In spring 2013, pot-grown Viburnum tinus plants shipped to an ornamental nursery in Pescia (Pistoia, central Italy, 287 m a.s.l., 43°54′0″ N, 10°41′0″ E) from another local nursery were found to bear disease symptoms. Symptoms included brown to black foliar lesions, later expanding into larger blotches; necrosis of the petioles; shoot wilting and folding; browning of the stems; and necrosis of the cambium. Infected leaves, shoots, and entire plants eventually died. Tissue samples (2 mm2) were cut at the edge of active lesions from tissue of the phloem, the xylem, and the leaves and plated on selective PARPNH V8 agar (V8A) (1). Rose-shaped and finely lobed cottony colonies arose in 2 to 3 days. Mono-hyphal colonies were isolated and transferred to V8A. Square colony pieces (1 cm2) from isolates SB05a and SB05b were placed in filtered pond water after 5 to 7 days. Semipapillate, caducous sporangia with a rounded or conical base were produced within 24 h, individually or in pairs, on each sporangiophore. Sporangia (n = 30 per isolate) were examined: they were 56.2 ± 9.5 × 29.3 ± 4.3 μm (l:b ratio 1.9 ± 0.3). Exit pores averaged 7.0 ± 1.0 μm. Sporangia were ellipsoid (30%), lemon-shaped (28.3%), ovoid (20%), obovoid (16.7%), ampulliform (3.3%), or “peanut-like” (1.7%). Globose chlamydospores, borne intercalarly or terminally, were abundant on both V8A and carrot agar (CA), and were on average 54.7 ± 8.5 μm. Mono-hyphal isolates incubated for 7 days at 23°C were also transferred to CA, corn meal agar (CMA), malt extract agar (MEA), potato dextrose agar (PDA), and V8A. Colonies on these media were identical in shape and appearance to those described in previous reports (2,4). Isolates were identified as Phytophthora ramorum Werres, De Cock & Man in't Veld (4) on the basis of colony type; size, the average l:b ratio and shape of sporangia; and the type and size of the chlamydospores. Isolates were found to be the A1 mating type by pairing them with P. cryptogea BBA 63651 (mating type A2). PCR-amplification of the rDNA ITS region with specific primers Ph1/Ph4 (3) gave fragments of the expected size (GenBank Accession Nos. KF181162 and KF181163). A BLAST search of these ITS sequences in the database found that isolates of P. ramorum were the closest phylogenetically with 100% homology (YQ653034 and HM004221). Pathogenicity tests were conducted on 16 detached V. tinus leaves. A small cut was made aseptically on each of the leaf surfaces and a V8A disc (0.5 cm Ø) with mycelium was placed over the wounds. Control leaves received only sterile V8A discs. Inoculated and control leaves were incubated at 23°C in the dark. Necrotic areas (average 3.5 ± 1.3 cm2) arose on inoculated leaves after 6 days. Control leaves had no symptoms. Re-isolations on PARPNH V8A confirmed P. ramorum as the causal agent. P. ramorum was reported in Italy in 2003 on the exotic Rhododendron yakushimanum (2). This is the first report of the pathogen on a native species (V. tinus) in this country. The Pistoia area is important for nursery gardens and flowers. P. ramorum, which probably arrived on infected plant material, could compromise the export/import trade in stock plants. For this reason, the plant protection services were promptly alerted and the infected plants were destroyed.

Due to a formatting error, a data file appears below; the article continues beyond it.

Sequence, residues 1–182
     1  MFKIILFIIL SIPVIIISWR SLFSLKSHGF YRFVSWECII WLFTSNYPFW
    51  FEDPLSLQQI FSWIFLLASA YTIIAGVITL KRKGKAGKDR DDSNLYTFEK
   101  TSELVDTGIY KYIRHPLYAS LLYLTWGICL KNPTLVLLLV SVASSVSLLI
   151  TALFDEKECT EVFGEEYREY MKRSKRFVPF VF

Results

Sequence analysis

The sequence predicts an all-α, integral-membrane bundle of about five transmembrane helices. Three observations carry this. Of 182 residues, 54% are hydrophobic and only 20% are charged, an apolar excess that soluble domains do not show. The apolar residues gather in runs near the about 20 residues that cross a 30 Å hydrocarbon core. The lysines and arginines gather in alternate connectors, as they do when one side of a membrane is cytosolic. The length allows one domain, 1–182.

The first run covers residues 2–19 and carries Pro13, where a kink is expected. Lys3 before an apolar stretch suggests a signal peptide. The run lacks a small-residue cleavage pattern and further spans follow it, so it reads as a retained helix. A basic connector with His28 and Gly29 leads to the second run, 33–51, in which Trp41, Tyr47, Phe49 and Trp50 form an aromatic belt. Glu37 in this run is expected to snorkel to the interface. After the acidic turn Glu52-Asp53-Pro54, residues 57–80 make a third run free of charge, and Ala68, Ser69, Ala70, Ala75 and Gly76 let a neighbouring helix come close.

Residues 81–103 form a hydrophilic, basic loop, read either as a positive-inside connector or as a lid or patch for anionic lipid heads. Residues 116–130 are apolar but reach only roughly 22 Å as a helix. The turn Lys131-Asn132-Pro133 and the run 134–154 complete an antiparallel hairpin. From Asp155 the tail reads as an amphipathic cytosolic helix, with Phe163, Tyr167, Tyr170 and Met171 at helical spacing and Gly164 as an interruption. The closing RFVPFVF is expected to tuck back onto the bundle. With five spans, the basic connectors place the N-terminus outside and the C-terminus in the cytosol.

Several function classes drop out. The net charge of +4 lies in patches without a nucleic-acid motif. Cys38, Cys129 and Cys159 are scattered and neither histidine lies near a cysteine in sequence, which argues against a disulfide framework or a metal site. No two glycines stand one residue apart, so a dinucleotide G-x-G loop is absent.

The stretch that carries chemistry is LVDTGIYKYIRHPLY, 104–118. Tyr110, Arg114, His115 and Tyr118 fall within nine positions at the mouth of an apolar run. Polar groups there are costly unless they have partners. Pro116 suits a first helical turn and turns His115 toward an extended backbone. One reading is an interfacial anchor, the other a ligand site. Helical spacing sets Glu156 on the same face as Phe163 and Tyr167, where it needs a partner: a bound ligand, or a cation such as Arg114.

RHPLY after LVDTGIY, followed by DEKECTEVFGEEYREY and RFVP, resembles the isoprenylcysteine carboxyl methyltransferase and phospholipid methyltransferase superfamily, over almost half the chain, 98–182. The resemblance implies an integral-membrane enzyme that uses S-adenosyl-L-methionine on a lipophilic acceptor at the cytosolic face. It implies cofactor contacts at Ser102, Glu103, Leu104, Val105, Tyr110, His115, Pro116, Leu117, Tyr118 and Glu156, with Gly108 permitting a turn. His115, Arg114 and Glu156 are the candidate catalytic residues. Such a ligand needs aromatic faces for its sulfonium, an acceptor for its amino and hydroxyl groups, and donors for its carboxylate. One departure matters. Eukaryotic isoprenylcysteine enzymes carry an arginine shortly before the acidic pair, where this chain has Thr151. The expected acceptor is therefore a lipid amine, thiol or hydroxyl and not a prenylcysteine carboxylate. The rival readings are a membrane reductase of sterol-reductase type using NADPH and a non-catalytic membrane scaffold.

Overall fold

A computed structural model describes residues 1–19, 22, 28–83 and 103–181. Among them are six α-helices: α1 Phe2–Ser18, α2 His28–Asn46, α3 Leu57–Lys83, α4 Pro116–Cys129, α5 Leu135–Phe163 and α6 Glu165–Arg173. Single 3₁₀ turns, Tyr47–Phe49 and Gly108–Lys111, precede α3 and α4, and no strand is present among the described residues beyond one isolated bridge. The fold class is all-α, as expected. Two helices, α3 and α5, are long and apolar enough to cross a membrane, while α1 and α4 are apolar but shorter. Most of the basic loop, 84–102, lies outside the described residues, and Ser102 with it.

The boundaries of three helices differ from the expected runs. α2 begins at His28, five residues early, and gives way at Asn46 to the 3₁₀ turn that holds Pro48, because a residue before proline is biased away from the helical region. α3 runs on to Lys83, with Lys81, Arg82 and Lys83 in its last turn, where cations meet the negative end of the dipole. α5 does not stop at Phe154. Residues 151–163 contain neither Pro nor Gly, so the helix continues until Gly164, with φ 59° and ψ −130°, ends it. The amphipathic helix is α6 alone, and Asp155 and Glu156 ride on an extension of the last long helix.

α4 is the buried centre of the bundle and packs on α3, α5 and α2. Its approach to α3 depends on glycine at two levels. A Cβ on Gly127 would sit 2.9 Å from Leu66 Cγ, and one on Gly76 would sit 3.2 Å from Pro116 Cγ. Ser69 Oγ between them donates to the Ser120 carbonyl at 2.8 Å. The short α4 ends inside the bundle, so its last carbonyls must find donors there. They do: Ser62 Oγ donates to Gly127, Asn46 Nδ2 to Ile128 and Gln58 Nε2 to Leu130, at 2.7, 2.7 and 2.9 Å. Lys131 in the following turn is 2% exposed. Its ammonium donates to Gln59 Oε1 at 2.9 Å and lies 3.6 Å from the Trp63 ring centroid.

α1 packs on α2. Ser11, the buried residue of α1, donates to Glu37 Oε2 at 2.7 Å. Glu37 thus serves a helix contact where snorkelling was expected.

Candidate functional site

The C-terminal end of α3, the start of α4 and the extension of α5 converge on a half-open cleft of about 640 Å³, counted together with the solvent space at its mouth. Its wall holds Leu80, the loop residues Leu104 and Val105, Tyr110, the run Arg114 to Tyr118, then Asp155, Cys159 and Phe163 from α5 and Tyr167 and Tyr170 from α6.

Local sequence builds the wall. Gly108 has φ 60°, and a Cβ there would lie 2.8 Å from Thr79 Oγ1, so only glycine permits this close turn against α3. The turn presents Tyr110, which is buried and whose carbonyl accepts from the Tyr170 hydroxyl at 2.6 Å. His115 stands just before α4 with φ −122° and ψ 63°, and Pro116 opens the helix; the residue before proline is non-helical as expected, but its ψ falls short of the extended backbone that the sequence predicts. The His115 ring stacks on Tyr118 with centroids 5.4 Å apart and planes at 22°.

New Plant Disease article March 2014